The next item was “Tshotsholoza” (alternative spelling for Shozaloza).  It is billed as a traditional South Africa protest song sung in Zulu and Ndebeli.  I thought I would pad this information for American readers.  The Nguni group of languages includes both Zulu and Ndebele.  It is not a traditional protest song, but rather a song sung by the all-male African workers from many of Southern African countries, including Zimbabwe (or Rhodesia as it was then called), South Africa, with both Swaziland and Lesotho, and as far afield as Malawi, Zambia (Northern Rhodesia) and Mocambique.  No one knows the origin of the song, but it was widely sung en route from Zimbabwe to South Africa and back again.  Some of the words are “stimela si phume Rhodesia“. Stimela means steam train.

It was certainly used in a call and response style wherever men did hard physical labour – in the mines, in street work gangs, railway workers and, according to former President Nelson Mandela, even in the prison work parties on Robben Island where he was set to breaking rocks.  He did compare the apartheid struggle to the motion of a train, but that is the sole reference to the song as a protest song.  He pointed out that “the singing made the work lighter”.  

In contemporary South Africa it is also used as a sports song, and whenever South Africans want to express solidarity with one another.  It was heard in The Gods Must Be Crazy and a rough translation follows:

 

“Go forward
Go forward
from those mountains
on this train from South Africa
Go forward
Go forward
You are running away
You are running away
from those mountains
on this train from South Africa”

I must mention that the audience loved this and sang it  back to the choir.

My favourite song of the whole concert followed.  Would you Harbor Me?  is a direct challenge to each of us to love and protect one another regardless of religion, colour, sexual orientation or any other artificial division that we perceive.  Rise Up featured Blake Gronlund and Christopher Murray as soloists.  The Human Heart from Once on the Island featured Thomas L Collins, Matt Magrath and Robert Pimentel as soloists.  The concert officially ended with This is Me from The Greatest Showman.

A well deserved standing  ovation ended this marvellous concert.

It really is a feel good concert and if you know anyone near where the Boston Gay Men’s Chorus will be performing, you need to tell them to go.  Each of the concerts benefits some group in South Africa.  Their Soweto concert funds went to the Kliptown Youth Program LGBTQ Support Initiative. The forthcoming concert in George will take place at the Conville Community Hall on June 19, 2018 at 18:00.  It is a free concert for the community – a group of people who rarely have the opportunity to hear such fine music.  In Cape Town on 21 June 2018 the Boston Gay Men’s Chorus will be performing at the Langa Community Hall for PASSOP’s LGBTQ refugee outreach program.  The final concert is on 22 June 2018 at the Hugo Lambrechts Music Centre for Triangle Project’s Health & Human Services (AIDS/HIV) Program.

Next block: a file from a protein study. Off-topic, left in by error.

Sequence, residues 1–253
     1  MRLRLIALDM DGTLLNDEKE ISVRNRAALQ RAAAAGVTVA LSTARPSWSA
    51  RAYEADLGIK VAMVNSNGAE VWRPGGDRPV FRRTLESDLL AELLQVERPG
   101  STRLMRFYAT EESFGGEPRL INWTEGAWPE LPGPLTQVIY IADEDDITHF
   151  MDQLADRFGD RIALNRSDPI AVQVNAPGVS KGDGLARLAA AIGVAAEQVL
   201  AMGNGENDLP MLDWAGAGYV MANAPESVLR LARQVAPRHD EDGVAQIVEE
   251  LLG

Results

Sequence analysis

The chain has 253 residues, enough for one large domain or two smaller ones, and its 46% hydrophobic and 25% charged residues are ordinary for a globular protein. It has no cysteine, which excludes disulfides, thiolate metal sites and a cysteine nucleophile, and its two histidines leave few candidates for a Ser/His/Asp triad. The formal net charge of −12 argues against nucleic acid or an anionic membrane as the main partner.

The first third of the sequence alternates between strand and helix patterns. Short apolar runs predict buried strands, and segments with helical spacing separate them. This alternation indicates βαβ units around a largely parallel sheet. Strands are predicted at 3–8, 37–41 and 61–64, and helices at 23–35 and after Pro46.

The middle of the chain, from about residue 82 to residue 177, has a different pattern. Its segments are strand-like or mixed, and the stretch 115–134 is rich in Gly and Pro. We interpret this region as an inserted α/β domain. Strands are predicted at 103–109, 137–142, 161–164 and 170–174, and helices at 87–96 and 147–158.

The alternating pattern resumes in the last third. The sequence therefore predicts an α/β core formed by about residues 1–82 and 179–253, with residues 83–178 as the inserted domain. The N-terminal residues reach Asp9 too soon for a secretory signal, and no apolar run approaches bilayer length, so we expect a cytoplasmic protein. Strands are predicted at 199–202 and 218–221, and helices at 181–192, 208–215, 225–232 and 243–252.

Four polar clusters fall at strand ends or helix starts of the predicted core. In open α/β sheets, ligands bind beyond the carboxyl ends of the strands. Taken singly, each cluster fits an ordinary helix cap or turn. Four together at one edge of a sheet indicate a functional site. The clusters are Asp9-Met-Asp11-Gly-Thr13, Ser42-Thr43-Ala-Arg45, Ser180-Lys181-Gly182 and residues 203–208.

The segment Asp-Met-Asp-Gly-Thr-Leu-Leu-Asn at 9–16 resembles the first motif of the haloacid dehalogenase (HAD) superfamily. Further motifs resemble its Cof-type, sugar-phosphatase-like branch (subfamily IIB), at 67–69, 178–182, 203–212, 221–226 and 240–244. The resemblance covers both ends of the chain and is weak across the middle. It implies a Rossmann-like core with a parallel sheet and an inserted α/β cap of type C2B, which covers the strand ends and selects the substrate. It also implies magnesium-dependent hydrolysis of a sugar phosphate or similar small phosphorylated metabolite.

Boston 5.jpg

Right.  I promised the lists.  The dancers are Izzy Berden, Tyler Brewer, Bill Casey, Kyle Crand, Jaime de Sousa, Matthew Robert Honeycutt, Nick LaPete, Christopher Murray, Nick Panaglotou (Dance Captain), Derek Ternullo and Stephen Trumble.

The Chamber Chorus comprises Jonathan Beebe, Paul Consoli, Sean Crookes, Andy Chau, Courtney Furno, Paul Gabrys, Christian Grenier, Geoffrey K. Hahn, Georoge Hinds, Jeffrey Hovis, Taylor Lindsey, John F Moran, Matthew Moura, William Neely, John Strumwasser, Walker Weatherly.

I will add the entire chorus touring members list in the morning, if I get time.  I simply can’t manage the list by artificial light (a reminder to me that I am still visually impaired, even though things are definitely improving).

 

 

Advertisements

About moirads

Clergy person, theatre and music lover, avid reader, foodie. Basically, I write about what I do, where I go and things I love (or hate).
This entry was posted in Uncategorized. Bookmark the permalink.

Leave a Reply

Fill in your details below or click an icon to log in:

WordPress.com Logo

You are commenting using your WordPress.com account. Log Out /  Change )

Google+ photo

You are commenting using your Google+ account. Log Out /  Change )

Twitter picture

You are commenting using your Twitter account. Log Out /  Change )

Facebook photo

You are commenting using your Facebook account. Log Out /  Change )

Connecting to %s